I adored reading about Kristy, Mary Anne, Stacey, Claudia, and Dawn when I was in elementary school. I tore through every regular book, Super Special, Mystery, Super Mystery, and Portrait Collection book the library had. So it only makes sense that some well-meaning parent, teacher or friend would direct me towards the Little Sister spin-off series. The series is meant for a younger reader and follows Karen Brewer, Kristy’s seven-year-old stepsister, as she navigates her parent’s divorces, remarriages, and the typical school troubles of a young elementary school kid. Partially because they were a step down in reading level from the older series, I never really enjoyed them. But three things about Karen have stuck with me over the years: 1) She took a vacation to Plimouth Plantation that I obsessively wanted to replicate as a child, 2) She was always described by adults and the babysitters as “precocious”, and 3) She never used contractions.
Never. As the books were told in first person, that meant the entirety of each book goes like this:
“Is that for real, Karen?” asked Bobby. “I cannot believe it!”
I tried to read a full chapter to see if this was as annoying to me now as it was when I was 7. It was worse. I’ve given myself a headache remembering how halting this was to read. I also can’t figure out why she wouldn’t use contractions. The main series used them, so it couldn’t have been some vendetta Martin had against them, right? I’m so baffled. If this was a list completely controlled by my emotional response without logical weight, she would be #1 on this list for pure aggravation. Please, let my child learn to use contractions when she speaks and writes.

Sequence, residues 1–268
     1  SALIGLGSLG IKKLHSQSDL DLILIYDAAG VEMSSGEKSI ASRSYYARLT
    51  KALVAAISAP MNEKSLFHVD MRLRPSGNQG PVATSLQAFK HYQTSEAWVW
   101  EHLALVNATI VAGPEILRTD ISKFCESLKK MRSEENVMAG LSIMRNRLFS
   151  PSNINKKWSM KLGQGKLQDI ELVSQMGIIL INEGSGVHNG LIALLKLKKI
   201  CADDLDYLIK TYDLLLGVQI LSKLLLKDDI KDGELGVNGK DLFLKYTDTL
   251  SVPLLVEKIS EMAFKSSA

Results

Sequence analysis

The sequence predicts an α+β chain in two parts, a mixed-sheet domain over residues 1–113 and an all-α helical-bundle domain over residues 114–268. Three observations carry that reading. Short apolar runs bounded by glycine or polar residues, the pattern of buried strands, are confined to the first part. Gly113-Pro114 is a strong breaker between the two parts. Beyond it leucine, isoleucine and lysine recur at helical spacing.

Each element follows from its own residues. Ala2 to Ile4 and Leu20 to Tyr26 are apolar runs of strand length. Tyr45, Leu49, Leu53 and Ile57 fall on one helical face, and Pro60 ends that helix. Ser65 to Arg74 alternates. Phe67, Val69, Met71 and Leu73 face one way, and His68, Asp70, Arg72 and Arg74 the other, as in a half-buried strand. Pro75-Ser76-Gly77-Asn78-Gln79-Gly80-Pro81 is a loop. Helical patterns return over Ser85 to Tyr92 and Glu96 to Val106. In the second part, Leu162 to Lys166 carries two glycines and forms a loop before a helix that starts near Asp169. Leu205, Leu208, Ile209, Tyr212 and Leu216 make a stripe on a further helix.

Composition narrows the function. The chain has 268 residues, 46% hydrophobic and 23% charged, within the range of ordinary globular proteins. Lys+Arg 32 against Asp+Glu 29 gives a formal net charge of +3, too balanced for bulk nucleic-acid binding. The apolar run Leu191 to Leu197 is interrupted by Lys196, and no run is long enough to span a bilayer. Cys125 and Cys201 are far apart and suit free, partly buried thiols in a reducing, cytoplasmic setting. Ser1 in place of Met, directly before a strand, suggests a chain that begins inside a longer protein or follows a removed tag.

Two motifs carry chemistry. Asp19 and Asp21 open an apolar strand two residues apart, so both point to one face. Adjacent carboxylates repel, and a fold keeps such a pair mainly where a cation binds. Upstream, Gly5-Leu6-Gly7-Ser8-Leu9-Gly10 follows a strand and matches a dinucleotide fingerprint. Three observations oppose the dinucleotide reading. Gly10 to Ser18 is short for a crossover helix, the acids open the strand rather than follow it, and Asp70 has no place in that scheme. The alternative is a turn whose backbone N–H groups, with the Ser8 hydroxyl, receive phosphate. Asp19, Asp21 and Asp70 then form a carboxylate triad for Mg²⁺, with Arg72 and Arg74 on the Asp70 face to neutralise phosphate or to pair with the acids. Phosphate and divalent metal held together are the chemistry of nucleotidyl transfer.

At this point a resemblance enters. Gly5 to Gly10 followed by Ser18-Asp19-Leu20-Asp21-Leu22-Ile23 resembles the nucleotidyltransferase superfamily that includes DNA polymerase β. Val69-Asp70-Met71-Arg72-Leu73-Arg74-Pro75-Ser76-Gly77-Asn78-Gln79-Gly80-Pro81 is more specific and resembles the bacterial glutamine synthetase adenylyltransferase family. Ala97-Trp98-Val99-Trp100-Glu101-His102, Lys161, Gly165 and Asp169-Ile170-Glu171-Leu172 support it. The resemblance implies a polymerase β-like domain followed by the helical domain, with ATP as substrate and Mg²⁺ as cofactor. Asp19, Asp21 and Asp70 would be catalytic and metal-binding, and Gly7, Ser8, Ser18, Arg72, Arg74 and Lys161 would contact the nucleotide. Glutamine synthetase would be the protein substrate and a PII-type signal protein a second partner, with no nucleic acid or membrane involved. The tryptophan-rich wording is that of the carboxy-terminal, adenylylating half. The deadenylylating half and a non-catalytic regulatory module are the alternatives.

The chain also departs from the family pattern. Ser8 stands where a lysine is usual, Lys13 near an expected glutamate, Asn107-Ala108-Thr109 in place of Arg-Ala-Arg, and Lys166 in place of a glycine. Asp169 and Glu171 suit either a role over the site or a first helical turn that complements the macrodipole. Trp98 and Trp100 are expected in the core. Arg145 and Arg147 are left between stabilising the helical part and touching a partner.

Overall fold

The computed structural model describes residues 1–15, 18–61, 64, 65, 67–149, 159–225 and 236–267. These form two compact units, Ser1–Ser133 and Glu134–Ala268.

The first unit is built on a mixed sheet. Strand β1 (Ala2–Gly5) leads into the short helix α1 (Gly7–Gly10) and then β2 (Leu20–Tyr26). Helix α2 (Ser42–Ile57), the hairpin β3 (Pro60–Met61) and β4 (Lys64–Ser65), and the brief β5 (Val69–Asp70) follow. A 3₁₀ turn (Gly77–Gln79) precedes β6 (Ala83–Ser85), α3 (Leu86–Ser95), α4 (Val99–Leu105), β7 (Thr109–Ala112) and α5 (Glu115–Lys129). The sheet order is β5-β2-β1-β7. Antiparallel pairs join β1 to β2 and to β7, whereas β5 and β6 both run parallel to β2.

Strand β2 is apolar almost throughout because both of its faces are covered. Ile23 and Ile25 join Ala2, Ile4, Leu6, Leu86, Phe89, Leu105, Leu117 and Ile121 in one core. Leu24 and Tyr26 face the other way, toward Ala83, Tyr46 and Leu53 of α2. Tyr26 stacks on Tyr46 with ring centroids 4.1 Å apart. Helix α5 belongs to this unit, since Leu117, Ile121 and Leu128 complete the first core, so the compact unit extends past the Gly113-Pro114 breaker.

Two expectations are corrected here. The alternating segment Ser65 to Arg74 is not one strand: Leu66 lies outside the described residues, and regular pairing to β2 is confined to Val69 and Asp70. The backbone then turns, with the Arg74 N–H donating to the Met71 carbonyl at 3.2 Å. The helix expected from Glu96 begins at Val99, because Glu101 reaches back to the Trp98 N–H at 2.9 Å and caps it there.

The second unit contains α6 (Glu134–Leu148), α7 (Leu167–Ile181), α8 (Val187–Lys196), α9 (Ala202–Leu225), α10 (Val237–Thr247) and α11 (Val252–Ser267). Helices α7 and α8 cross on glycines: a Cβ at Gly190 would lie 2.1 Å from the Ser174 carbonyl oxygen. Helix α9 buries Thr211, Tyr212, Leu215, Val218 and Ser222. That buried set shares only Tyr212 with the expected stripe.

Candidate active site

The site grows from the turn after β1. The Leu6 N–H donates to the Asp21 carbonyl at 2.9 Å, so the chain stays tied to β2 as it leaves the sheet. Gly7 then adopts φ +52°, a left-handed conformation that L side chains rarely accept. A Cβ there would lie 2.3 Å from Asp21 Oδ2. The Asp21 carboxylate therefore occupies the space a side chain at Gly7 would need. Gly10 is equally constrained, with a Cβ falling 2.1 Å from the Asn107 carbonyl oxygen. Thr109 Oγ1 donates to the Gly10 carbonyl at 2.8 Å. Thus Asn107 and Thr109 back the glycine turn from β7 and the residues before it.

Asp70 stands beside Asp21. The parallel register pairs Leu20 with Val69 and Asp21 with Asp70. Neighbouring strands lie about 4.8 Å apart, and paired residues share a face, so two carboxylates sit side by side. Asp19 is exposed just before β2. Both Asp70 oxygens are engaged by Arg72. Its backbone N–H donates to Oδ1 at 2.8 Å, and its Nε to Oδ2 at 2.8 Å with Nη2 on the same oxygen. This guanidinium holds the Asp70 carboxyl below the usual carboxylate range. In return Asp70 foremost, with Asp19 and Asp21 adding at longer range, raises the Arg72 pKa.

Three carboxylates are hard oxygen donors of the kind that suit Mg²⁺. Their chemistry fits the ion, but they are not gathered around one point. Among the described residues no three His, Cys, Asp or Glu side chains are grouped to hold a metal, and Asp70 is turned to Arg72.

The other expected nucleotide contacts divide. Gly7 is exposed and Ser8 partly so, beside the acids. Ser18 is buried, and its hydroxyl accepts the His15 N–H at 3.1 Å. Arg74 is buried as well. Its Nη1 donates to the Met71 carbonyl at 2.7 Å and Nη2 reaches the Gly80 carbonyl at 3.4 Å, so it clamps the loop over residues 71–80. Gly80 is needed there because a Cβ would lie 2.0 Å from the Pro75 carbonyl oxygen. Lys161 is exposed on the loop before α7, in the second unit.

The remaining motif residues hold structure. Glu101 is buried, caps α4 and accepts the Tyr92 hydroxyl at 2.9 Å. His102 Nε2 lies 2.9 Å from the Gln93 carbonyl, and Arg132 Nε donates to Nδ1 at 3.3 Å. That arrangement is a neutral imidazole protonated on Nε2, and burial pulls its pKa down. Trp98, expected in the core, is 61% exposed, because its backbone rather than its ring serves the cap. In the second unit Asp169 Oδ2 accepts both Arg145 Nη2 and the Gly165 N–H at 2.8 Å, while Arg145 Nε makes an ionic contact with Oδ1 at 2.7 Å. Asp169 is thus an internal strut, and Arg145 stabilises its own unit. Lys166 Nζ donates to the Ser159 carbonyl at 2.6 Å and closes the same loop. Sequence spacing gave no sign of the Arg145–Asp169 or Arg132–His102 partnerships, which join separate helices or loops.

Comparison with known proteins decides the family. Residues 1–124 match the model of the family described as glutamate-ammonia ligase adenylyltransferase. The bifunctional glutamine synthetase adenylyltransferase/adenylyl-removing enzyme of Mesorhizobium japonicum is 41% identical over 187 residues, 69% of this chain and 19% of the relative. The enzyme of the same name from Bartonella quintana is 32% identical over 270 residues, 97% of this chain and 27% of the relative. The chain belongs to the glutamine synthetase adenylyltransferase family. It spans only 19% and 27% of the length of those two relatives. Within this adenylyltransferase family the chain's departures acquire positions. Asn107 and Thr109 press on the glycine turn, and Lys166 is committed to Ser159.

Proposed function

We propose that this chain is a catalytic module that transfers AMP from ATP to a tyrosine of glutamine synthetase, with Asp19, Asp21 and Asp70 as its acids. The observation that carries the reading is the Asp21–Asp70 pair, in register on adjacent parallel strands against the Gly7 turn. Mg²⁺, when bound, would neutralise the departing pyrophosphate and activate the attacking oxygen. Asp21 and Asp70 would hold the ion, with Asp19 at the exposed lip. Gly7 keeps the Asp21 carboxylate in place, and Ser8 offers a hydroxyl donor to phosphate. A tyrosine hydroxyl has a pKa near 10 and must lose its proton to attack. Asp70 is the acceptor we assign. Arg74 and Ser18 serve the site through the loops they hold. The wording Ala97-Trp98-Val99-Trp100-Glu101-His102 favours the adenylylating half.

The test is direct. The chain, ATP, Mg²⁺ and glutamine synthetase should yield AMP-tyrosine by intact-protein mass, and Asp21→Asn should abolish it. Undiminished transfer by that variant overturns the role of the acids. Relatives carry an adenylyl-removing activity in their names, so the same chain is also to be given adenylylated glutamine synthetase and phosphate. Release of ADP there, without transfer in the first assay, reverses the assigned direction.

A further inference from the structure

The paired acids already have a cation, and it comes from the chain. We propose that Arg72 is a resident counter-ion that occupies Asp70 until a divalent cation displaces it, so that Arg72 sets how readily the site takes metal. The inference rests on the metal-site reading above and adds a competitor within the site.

5 & 4. Crabbe and Goyle, Harry Potter Series
My husband and I disagree about which character from Harry Potter would be the least desirable child. He advocated for Draco or Dudley. Obviously Voldemort would be terrible (in particular the Voldy-baby from Goblet of Fire. Yikes) but many of the nature/nurture aspects of his character (generations of incest, conceived under a love potion, raised without supervision in a British orphanage) didn’t happen/won’t happen to Baby Lamb, so I don’t have any fears about giving birth to a Dark Lord.
Now, I don’t hope our child is a bigoted, murderous Death Eater or a spoiled, nasty bully. Not in the slightest. But I think having every one of these qualities plus being a lackey makes Crabbe and Goyle worse.